Since Netgear populated the ReadyNAS Pro 4 with hard drives, all we had to do was plug the device in to the wall, connect an Ethernet cable (provided), and run the included software. Booting up the NAS box takes about a minute.
Setting up the NAS box involves popping in the included CD and installing Netgear's RAIDar software (supports Windows, Mac OS X, and Linux).Tech savvy users will have no trouble wading through the various options, and while it's also fairly easy for less experienced users, some of the terminology might prove confusing. In other words, it's user friendly, but not necessarily "Mom or Pops" friendly.
Netgear's cleverly named RAIDar keeps in constant contact with the ReadyNAS Pro 4 and offers up system vitals at a glance. It's also your portal to Netgear's FrontView utility (which we'll cover in a moment), which you access by clicking on the Setup button.
As you're going through the setup routine, Netgear will prompt you to configure user accounts and other settings, if necessary. You can configure the ReadyNAS Pro 4 in "User" mode, which allows you to control access to shares based on user or group accounts (and if your network doesn't utilize a domain controller for authentication), or "Domain" mode, which is appropriate for centralized domain controllers or if you login via active directory service (ADS). See what we mean about user friendly versus Mom friendly?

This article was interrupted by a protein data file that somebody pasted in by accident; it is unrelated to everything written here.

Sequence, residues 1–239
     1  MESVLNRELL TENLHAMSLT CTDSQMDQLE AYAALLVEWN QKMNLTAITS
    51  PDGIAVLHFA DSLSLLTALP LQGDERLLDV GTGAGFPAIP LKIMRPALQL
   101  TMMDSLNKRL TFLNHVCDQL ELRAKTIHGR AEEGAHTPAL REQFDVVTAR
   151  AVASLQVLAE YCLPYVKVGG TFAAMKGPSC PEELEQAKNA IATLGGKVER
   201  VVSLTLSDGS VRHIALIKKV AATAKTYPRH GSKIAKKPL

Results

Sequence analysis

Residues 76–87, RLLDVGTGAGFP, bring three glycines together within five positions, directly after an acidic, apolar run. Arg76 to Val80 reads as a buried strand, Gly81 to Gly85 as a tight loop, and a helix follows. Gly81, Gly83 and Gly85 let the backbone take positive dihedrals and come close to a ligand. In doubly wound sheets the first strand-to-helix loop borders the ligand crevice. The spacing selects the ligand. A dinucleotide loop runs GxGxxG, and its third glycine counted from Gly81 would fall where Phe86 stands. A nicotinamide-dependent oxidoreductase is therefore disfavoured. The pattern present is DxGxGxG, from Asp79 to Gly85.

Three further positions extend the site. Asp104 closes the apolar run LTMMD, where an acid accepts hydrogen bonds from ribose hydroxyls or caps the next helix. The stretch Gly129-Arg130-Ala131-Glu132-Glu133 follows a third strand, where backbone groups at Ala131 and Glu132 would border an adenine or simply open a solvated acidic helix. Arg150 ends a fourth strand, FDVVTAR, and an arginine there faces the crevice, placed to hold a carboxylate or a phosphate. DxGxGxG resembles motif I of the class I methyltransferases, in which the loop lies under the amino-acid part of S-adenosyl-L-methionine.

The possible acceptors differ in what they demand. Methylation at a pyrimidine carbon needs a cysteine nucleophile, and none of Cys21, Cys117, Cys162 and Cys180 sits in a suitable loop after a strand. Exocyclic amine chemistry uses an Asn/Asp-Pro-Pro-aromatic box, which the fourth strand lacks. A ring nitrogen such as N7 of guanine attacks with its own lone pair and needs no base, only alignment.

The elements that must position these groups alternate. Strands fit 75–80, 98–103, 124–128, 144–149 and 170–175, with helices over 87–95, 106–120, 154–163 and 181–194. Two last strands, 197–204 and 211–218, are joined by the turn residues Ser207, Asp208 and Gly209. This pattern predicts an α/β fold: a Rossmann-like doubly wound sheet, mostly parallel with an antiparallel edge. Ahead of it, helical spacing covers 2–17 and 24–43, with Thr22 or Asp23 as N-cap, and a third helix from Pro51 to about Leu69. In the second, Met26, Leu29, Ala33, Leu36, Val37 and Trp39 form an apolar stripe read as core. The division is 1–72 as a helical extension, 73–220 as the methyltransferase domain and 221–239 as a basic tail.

Netgear also prompts you for alert contacts. In the event of a failure, quota violation, low disk space, or other events that might require your attention, the ReadyNAS Pro 4 can send out an email alert.
By clicking on the Setup button in the RAIDar window, you gain access to Netgear's Web-based management interface called FrontView. It's here where you can make changes to the ReadyNAS Pro 4 and access the myriad of configuration options. It's easy to navigate and there's a lot to play with, though an understanding of networking terms and protocols is required in order to take full advantage of what it has to offer. For example, ReadyDLNA and iTunes streaming are both disabled by default.
For tech savvy folks, one of the big advantages Netgear has over the competition is extensibility. There are several first- and third-party add-ons available to extend the functionality of the NAS box, from adding TiVO options to photo sharing. You can even install an add-on that turns the ReadyNAS device into a Network Video Recorder (NVR) for surveillance chores.
Another thing that's unique about the ReadyNAS Pro 4 is Netgear's proprietary X-RAID2 technology. This adds another layer of convenience on top of Netgear's hotswappable drive bays. In a nutshell, X-RAID2 is essentially a better version of RAID 5 that offers faster performance and the ability to add more disks and/or upgrade existing drives to larger ones without any complicated setup options. Simply swap the drive you're upgrading -- for example, removing a 2TB drive and plugging in a 3TB drive -- and the ReadyNAS Pro 4 will do the rest, automatically, and in the background while you continue to use the device.
When we get to the performance portion of this roundup, we'll include both X-RAID2 results using the provided Seagate Constellation ES drives, and RAID 5 results using the same WD Red hard drives that we tested the other NAS boxes with.